Celebrating Women’s History Month


Jessica Pliley, Texas State associate professor of History of Women, Genders and Studies, discusses the progress of women's equality over the centuries March 5.
Photo by Ali Mumbach

Ivy Sandoval

Over the years, women have broken barriers and ignored limits in order to achieve what they deserved. March is a time to celebrate women’s achievements throughout history with Women’s History Month.

According to the National Women’s History Museum, women were originally given only one internationally recognized day: March 8. It was not until 1987 that the month of March was designated as Women’s History Month. Since 1995, each president has issued an annual proclamation officiating the month.

The Texas State and San Marcos community has celebrated in various ways to shed light on the importance of women’s roles throughout American history.

A free art show was held March 8 at the San Marcos Public Library in honor of International Women’s Day. The show featured exclusively local female artists. There were five poets, four musicians and 24 artists ranging from photographers, jewelry designers, ceramic artists and doll makers.

The theme of the art show was “A Room of One’s Own,” inspired by Virginia Woolf’s essay, which portrays the idea that for women, a personal room for creation is vital.

Debangana Banerjee, local artist and curator of the show, along with the San Marcos Public Library librarian Deborah Carter, said the inspiration behind holding the art show and choosing the theme was to provide encouragement from the community for these local female artists.

“I thought the celebration would be more meaningful if I could do it alongside other local women artists,” Banerjee said. “We all create art regularly and use different mediums. We belong to different age groups and have different cultural backgrounds. We should all build our own rooms (with key and lock) where we can produce our most honest own reality.”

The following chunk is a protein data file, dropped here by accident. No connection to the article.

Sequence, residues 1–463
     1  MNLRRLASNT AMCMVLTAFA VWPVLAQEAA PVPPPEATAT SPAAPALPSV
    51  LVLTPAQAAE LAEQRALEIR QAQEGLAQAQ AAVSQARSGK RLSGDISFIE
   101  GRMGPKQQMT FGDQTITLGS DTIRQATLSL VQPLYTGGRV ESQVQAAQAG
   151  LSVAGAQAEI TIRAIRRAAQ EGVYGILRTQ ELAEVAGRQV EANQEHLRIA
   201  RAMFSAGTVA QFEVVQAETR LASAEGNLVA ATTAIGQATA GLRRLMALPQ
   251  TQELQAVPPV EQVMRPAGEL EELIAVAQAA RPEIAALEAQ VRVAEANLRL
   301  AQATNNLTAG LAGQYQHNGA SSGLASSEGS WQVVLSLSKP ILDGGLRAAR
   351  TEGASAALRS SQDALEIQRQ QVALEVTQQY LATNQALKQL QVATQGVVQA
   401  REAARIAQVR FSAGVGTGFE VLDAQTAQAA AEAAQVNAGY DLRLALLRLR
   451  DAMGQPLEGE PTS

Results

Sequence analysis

Latinas Unidas, an all-female Latina -based student organization on campus, strives to empower its members through support and education on relevant topics. For Women’s History Month, the organization’s meetings are centered around themes of female empowerment and Latinas in history.

Daniella Carrera, volunteer coordinator for Latinas Unidas, said members take part in a minimum of five service hours a semester. She said the organization has aided her in realizing her worth as a woman.

“We have to acknowledge the fact that different women have different struggles, especially (women) of different ethnicities,” Carrera said.

ATX Celebrated International Women’s Day March 2019 with a show to celebrate a worldwide event created by a local Austin artist, Leti Garza.The concert consisted of three women-led bands: Cecilia + the Broken Hearts, Tiarra Girls and Leti Garza y La Banda.

Garza, project director of the event, said she constructed the concert to recognize International Women’s Day and create more awareness in the Austin area, because it has not been substantially celebrated in the community.

“This year, I wanted to recognize the Latina community and women artists in Austin,” Garza said. “It was very important for me to bring women of color into the mainstream public life.”

Jessica Pliley, associate professor of the History of Women, Genders and Studies, said she was proud of the progress made by women and knowing there will be more, especially with taking on more positions in leadership and politics.

“There has been a lot of progress,” Pliley said. “That doesn’t mean there can’t be more progress and I think the most fundamental thing in our country is that we have to get more equal representation in politics.”

The timeline of women’s history and accomplishments has grown exponentially, but there is still a constant strive for change. It is important that any designated month celebration should not only be limited to that length of time, but celebrated and respected daily.

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